There are three groups of people in this world: those who love Larry David, those who hate Larry David, and those who have never cared to find out either way. Before viewing Clear History, I counted myself among those individuals in the third category. Somehow, through the years, I’ve avoided his HBO show Curb Your Enthusiasm completely and only managed to catch a few Seinfelds here and there. Though I had previously heard acclaim for David’s ‘comedic genius’ from friends and family, I’d never gained any familiarity with his neurotic, observant brand of humor. So it was with great curiosity that I settled in for Clear History, an HBO original film that David co-wrote and stars in. Unfortunately, the film doesn’t make a strong case for the comedian. Scarce laughs, an instantly forgettable plot and an ill-conceived overabundance of supporting stars make me wish I could wipe Clear History from memory.
If you want to simply dismiss my criticisms with, “He doesn’t get it,” and stop reading right here, go ahead. I can’t stop you. However, I’d put forth that there’s more wrong with Clear History than my opinion of David’s comedic stylings. Let’s start with the story.
Clear History opens as Nathan Flomm (David, at first almost unrecognizable under a scraggly beard), a marketing whiz in California, quits his job at an electric car startup over a dispute with his boss (Jon Hamm). His gripe: the proposed name of the startup’s car, the Howard, is so terrible that he can’t market it. His righteous indignation turns to mortification when the Howard takes off in a big way, making all his former co-workers rich. Ten years later, Flomm is living under a fake name in Martha’s Vineyard, maintaining an average life while quietly seething at the Howard’s growing presence on the island. When his former boss moves to town with a beautiful wife (Kate Hudson) and all the success Flomm feels he was untitled to, Flomm plots his revenge against the pair.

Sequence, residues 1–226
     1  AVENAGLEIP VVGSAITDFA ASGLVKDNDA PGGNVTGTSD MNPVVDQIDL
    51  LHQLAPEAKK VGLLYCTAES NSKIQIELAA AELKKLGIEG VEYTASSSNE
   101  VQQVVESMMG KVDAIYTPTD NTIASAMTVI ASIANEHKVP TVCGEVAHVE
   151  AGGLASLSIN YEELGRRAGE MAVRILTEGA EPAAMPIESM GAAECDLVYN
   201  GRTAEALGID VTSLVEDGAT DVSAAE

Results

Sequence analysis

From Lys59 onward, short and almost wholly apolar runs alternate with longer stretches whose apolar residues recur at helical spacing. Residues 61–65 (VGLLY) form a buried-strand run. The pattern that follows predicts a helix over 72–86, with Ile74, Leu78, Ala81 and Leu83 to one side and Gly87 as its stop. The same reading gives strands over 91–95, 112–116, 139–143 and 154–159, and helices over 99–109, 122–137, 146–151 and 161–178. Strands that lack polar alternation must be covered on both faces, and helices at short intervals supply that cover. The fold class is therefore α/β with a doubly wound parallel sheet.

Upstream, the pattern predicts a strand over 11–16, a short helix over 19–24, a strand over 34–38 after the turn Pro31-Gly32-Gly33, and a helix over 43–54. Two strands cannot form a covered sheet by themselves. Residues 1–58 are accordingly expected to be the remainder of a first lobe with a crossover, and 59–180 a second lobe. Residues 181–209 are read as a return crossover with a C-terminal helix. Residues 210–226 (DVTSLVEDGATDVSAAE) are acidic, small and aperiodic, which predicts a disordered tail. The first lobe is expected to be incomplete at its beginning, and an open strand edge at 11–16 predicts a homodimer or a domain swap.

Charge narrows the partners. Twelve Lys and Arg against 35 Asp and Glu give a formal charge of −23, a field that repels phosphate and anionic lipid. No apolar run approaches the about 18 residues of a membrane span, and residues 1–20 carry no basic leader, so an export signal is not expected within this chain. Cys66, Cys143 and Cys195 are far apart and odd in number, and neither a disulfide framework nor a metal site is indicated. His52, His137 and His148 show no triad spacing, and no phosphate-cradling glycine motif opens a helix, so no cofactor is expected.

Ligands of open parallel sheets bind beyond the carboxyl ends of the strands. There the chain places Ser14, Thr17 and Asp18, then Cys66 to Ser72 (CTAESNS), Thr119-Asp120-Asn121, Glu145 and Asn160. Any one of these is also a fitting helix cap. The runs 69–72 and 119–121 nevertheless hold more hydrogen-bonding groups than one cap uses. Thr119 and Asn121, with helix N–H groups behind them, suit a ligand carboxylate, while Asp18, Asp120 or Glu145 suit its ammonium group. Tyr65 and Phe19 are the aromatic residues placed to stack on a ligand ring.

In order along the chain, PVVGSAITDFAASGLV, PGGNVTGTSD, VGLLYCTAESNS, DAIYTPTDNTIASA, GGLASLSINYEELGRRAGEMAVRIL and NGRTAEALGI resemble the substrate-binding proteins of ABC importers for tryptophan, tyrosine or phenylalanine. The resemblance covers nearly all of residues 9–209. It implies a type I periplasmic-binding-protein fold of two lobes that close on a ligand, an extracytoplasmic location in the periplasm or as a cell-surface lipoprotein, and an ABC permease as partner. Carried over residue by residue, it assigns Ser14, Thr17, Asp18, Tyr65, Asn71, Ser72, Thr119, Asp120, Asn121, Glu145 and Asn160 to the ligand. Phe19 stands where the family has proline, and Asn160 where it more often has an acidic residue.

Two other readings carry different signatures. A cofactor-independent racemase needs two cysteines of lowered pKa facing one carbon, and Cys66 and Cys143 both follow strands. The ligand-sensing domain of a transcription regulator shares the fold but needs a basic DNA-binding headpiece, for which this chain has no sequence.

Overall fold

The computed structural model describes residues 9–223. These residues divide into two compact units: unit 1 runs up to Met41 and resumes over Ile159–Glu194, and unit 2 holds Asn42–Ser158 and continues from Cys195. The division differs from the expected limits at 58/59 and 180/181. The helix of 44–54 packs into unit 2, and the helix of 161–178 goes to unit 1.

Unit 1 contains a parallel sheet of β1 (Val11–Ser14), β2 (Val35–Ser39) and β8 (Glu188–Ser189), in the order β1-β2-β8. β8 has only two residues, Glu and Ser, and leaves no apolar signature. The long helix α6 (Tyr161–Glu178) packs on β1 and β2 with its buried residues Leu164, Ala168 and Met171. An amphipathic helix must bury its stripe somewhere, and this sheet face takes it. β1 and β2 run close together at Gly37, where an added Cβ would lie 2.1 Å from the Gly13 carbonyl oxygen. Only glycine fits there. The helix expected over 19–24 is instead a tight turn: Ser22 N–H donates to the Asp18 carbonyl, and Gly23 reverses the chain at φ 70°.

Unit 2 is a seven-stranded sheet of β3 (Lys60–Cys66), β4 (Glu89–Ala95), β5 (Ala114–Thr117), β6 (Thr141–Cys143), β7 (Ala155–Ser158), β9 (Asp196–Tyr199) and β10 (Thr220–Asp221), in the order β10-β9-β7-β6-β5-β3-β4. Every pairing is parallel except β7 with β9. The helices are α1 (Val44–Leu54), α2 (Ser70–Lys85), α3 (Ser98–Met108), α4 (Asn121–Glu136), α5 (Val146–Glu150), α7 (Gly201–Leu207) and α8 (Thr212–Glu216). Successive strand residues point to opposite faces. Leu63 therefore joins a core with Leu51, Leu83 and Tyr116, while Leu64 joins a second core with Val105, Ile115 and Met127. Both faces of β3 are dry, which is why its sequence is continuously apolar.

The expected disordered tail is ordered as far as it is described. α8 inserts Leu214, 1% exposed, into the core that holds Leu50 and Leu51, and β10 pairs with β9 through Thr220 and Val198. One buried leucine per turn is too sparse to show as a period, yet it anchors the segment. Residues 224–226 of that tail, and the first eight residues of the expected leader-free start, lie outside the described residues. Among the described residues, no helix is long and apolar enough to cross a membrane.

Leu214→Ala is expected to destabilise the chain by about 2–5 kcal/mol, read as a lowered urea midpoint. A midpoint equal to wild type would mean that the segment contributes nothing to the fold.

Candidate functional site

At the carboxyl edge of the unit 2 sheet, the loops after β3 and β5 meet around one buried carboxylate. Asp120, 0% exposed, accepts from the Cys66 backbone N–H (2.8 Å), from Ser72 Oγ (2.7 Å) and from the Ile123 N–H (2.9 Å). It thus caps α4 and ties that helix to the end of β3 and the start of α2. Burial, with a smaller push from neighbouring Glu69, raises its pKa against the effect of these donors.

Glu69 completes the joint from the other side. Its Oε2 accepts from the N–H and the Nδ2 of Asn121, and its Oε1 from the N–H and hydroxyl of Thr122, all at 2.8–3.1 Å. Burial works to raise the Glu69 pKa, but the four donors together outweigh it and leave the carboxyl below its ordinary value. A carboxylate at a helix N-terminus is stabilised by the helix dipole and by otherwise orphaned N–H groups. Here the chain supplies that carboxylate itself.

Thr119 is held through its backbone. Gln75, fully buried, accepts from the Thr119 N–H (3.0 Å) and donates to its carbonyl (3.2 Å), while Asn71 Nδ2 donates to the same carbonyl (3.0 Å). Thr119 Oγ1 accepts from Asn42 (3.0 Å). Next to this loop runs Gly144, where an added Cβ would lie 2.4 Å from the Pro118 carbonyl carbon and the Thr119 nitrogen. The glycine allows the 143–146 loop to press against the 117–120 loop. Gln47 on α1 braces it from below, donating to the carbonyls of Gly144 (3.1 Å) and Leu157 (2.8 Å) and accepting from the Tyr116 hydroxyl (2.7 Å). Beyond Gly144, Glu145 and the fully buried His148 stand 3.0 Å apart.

Though this plot may have had potential in the ideas stage of Clear History, director Greg Mottola never finds a way to make his film’s story seem like anything more than it is: filler, designed to set up and provide transitions between David’s many rants. The film plays like a particularly taxing, over-extended sketch. If David had an arsenal of riotous material at his disposal, this set-up could have worked, but his famous wit mostly fails him here. The comedian’s success suggests that fans get a kick out of his quirky talent for complaining about everything, from inconvenient electric outlets to unsanitary cutlery, but I simply found it grating. As he wanders through the film, saying and doing horrible things to anyone unfortunate enough to get in his way, nothing makes Flomm a remotely compelling, likable or even funny character. For a comedy built exclusively around him, that’s a fatal flaw.
The list of things that Flomm complains about is long and varied; in his mind, every word someone says to him is a barbed insult, every misfortune that befalls him is the result of an intricate conspiracy. Flomm’s holier-than-thou arrogance is a character trait that consistently backfires on him, but he incessantly refuses to acknowledge that he plays the biggest part in his own failures. The mistake that David and Clear History make is never allowing Flomm to grow by realizing his own grousing nature. When all is said and done, we’ve watched David kvetch for an hour and a half, but nothing has really changed. Nothing has been accomplished. Supporting characters act as catalysts to send Flomm into various series of complaints, but they fall short of forcing him to turn his incisive gaze back on himself. As a result, Clear History loses out on the chance to say something interesting about its protagonist.